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Palestinian Women Wait for Justice, But Who Will Respond?

Under the Deteriorating Human Rights Situation, Palestinian Women Wait for Justice, But Who Will Respond?

In 1999, the UN designated 25th November of each year as the UN International Day for the Elimination of Violence against Women. This designation comes as part of the UN efforts to curb violence against women in the world.

Over the past years, Palestinian women have been extensively subjected to violence due to the exceptional conditions they live under. They have been subjected to violations of human rights by Israeli occupation forces, which have made them endure very severe living conditions, and on the other hand, they have been subjected to violence practiced against them by the society.

This year, the International Day for the Elimination of Violence against Women comes while the human rights situation in the occupied Palestinian territory, especially in the Gaza Strip, is deteriorating. Israel has maintained punitive policies against the Palestinian civilian population, especially the closure policy and restrictions on the right to freedom of movement, which have impacted Palestinian women, who are also subjected to domestic violence.

The Israeli-imposed closure on the Gaza Strip that has been ongoing for the seventh consecutive year has led to very severe living conditions for the Gaza Strip’s population, including women. Israeli authorities have continued to close all border crossings of the Gaza Strip, undermining the economic, social and cultural rights of about 1,6 million Palestinians, and denying them their basic needs. The closure has led to deterioration of the economic conditions in the Gaza Strips, and consequently poverty rates among Palestinian families have mounted to 38.8%, including 21.1% of the families that live in extreme poverty, according to the Palestinian Central Bureau of Statistics’ data in 2013.

The current deterioration of economic and social conditions denies Palestinian women their various rights, including the right to adequate living conditions, and complicates their lives since they are especially vulnerable to the deterioration of the human rights situation. Consequently, the social life of women has been impacted, and domestic violence against them has escalated.

The suffering of Palestinian women because of Israeli violations of human rights is not limited to facing the tragic impacts of the closure, as they are subjected to killings, injuries, detentions and home demolitions. According to PCHR’s documentation, this year, Lubna Muneer al-Hantash, 21, was killed by Israeli forces, in a crime that reflects their disregard for the lives of Palestinian civilians. On 23 January 2013, Israeli forces positioned at a military checkpoint near al-‘Arroub College in Hebron opened fire at Palestinian civilian vehicles killing al-Hantash with bullets to the head and the chest.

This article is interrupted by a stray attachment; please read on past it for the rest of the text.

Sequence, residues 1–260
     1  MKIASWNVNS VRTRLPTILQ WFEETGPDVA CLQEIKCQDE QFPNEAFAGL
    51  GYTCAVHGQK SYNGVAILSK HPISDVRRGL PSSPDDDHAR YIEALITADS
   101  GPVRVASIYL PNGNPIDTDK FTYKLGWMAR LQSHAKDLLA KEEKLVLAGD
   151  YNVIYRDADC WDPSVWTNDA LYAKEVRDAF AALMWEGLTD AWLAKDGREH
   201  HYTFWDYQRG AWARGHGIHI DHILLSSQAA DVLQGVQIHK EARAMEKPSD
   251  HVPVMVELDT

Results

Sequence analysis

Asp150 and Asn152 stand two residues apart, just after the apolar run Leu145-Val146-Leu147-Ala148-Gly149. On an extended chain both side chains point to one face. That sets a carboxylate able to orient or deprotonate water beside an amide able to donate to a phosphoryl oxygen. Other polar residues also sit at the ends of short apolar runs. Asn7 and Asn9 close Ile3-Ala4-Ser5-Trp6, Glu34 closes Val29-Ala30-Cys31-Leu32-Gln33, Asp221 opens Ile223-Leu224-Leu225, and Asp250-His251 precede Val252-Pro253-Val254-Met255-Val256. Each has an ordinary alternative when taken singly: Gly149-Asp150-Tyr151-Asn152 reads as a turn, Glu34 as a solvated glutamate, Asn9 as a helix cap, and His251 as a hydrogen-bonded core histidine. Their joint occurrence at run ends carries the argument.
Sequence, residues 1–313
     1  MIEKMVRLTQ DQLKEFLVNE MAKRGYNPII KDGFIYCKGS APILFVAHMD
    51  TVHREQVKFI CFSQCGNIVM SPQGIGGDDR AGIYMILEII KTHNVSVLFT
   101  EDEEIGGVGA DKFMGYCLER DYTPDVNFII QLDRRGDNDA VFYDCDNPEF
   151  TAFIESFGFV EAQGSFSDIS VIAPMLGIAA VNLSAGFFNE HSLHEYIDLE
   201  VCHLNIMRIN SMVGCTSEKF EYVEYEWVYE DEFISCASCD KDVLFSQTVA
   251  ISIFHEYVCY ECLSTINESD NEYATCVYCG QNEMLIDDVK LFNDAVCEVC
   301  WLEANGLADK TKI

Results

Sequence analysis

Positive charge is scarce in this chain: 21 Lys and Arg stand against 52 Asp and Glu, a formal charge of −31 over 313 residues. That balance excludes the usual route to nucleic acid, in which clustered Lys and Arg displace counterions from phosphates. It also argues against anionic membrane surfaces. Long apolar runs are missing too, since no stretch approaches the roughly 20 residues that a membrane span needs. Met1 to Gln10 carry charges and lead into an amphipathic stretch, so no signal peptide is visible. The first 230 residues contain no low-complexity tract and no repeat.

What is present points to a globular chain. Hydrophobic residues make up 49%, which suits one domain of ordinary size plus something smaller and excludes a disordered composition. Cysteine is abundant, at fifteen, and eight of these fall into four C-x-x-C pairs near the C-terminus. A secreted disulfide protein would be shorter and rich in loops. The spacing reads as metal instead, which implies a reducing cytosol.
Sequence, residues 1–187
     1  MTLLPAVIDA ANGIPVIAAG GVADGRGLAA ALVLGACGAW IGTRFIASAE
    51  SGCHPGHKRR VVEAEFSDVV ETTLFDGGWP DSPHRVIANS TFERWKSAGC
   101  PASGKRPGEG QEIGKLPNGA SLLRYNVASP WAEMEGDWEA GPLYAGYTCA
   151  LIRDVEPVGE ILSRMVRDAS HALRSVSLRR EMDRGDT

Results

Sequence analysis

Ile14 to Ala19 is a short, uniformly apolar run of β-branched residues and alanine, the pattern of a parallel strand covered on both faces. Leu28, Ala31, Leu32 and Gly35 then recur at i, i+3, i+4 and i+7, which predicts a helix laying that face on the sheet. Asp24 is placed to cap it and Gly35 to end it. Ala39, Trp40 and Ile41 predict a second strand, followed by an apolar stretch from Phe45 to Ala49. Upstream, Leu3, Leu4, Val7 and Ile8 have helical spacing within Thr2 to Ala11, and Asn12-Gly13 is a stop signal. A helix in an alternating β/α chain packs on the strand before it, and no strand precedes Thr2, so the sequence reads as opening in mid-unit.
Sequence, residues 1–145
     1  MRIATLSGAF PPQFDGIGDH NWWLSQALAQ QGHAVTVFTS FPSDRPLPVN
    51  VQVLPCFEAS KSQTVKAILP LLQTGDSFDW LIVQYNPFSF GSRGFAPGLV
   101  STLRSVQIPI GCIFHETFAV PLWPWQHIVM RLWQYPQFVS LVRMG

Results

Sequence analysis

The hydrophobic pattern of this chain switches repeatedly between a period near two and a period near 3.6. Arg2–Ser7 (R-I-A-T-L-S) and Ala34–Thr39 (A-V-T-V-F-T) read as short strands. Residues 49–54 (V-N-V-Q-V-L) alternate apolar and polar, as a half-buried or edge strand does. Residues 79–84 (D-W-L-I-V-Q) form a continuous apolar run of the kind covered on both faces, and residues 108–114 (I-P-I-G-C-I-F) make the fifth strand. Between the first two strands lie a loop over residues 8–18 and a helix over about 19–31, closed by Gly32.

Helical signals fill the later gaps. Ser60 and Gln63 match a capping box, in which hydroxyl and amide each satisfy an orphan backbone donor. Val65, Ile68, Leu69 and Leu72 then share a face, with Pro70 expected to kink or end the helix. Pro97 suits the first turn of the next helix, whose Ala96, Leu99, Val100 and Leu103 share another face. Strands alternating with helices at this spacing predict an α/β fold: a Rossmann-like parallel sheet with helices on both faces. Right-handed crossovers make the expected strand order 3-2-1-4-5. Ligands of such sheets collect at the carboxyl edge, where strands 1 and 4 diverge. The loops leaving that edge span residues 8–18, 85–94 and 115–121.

On 27 September 2013, Randa Abdul Hafez al-Qassir, 49, from Rafah, died of wounds she had sustained on 01 May 2001 when she was near her home, because of which she had been suffering from paralysis.

According to PCHR’s documentation, 11 Palestinian women have been wounded by Israeli forces in the West Bank and the Gaza Strip since the beginning of 2013.

At the level of domestic violence against women, 9 Palestinian women have been killed in the West Bank and the Gaza Strip since the beginning of 2013. Three of these women were killed for the so-called “family honor,” while the other six ones were killed in incidents related to the phenomenon of misuse of weapons and security chaos.

Palestinian women have continued to suffer restrictions imposed by the society, for which PCHR has repeatedly expressed concerned. For instance, some provisions of the Education Law No. 1 of 2013 seek to impose segregation between the two genders at schools, including banning the employment of male teachers at female schools.

Additionally, some domestic laws that have many flaws, and which violate international human rights standards, especially those related to the minimum age of marriage, are still in force. The marriage of two minors in the northern Gaza Strip has recently drawn the attention to the inherent flaws in relevant laws and the need to amend them to conform to international human rights standards.

In light of the continuous suffering of Palestinian women, PCHR stresses that the population of the Gaza Strip, especially women and children, is badly in need for support by the international community, which has several obligations, including compelling Israeli occupation forces to respect human rights and stop policies that undermine or violate these rights. PCHR calls also for ending the Palestinian political split and activating the Palestinian Legislative Council as a step towards confronting domestic violence against women and ensuring consistency of laws related to women with relevant international standards.

In this context, PCHR:

1. Calls upon the international community to promptly take an action to pressurize Israel to respect human rights, be committed to the international humanitarian law and stop violations against Palestinian civilians, especially the closure imposed on the Gaza Strip which deprives them, including women, of their rights that are ensured under the international law;
2. Calls upon the two Palestinian governments in Gaza and Ramallah top take necessary action to stop domestic violence and prosecute the perpetrators of crimes against women;
3. Calls upon the two parties to the political split to consider the interests of the Palestinian population, and immediately end the split and activate the legislature to endure enacting and amending laws related to women to be consistent with relevant international standards

www.pchrgaza.org

ENDS

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